Leadership in the Movement

Because trans rights affect the world at large and are not limited to any country or any group of people like the Civil Rights Movement was, it has set the tone for many individuals to represent the fight. The organization is led around constructive dialogue, consistent vision, and education as a resource for both trans people within the community and others outside of the community who may identify from a range of gender identities. Many of the leaders are more prominent than others, most of them from countries that encourage free speech. Leaders especially in those countries tend not only to have core/central messages, but also a sense of celebrity that comes with their image. This is because a key part of the message is trans visibility and awareness for trans rights. Actress Laverne Cox maintains two roles in her leadership: activist and representative. Her face and her actions, for many Americans who are not familiar with the trans community, are direct representations of trans people that shape the way others perceive the trans community. Her image is synonymous with her work.

Similarly, activist Leslie Feinberg was involved in creating literature, something that proved to reach out to a different audience. While Cox pursued media via television and the big screen, Feinberg pursued the literary world with her Stone Butch Blues (and other works). Neither of these women intended to create separate movements with central philosophies, as both had similar goals of education. Unlike MLK’s huge, individual role in leading non-violence in the Civil Rights Movement, trans activism has used many voices to lead. This is in part because of the nature of the movement: the movement is young and susceptible to change. The Civil Rights Movement affected black people in America, but the trans movement affected trans people everywhere. The language, the ideology, the goals and visions of the movement are constantly being reformed and remodeled to better fit a common end goal that could benefit all trans people across the world.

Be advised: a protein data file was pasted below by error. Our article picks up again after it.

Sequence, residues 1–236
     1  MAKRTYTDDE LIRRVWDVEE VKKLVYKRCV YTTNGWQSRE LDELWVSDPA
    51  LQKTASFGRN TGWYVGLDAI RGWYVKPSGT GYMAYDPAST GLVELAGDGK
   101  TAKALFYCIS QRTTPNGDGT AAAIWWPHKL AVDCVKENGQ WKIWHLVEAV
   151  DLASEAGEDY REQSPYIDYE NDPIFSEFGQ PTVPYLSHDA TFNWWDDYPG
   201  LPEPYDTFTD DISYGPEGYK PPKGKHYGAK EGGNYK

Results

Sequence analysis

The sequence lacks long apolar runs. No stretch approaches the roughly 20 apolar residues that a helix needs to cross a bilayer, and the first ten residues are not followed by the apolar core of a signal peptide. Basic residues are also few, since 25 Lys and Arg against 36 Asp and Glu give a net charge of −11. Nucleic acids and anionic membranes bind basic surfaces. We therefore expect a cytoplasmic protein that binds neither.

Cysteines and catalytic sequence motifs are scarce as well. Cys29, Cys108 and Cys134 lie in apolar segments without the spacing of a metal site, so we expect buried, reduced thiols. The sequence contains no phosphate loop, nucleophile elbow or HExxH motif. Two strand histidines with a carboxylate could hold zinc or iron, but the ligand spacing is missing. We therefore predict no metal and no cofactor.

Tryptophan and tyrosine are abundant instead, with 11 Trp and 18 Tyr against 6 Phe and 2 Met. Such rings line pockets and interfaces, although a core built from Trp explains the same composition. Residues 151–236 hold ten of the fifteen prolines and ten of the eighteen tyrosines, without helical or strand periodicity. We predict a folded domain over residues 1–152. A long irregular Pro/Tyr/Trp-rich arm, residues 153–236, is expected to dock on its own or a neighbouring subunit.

Personally, I believe that the most effective way to organize a movement is through figureheads and defined leaders. These leaders can become corrupt and their image may become damaged, but the sense of common identity that comes with idolizing one figure is essential to a fast-paced movement. There is no Chinese communism without Mao, there is no “I have a dream” without MLK’s voice claiming such an identity to “I,” and there will not be a central or realized end goal for the Trans movement without a figurehead who can encapsulate the importance of the movement in one identity.



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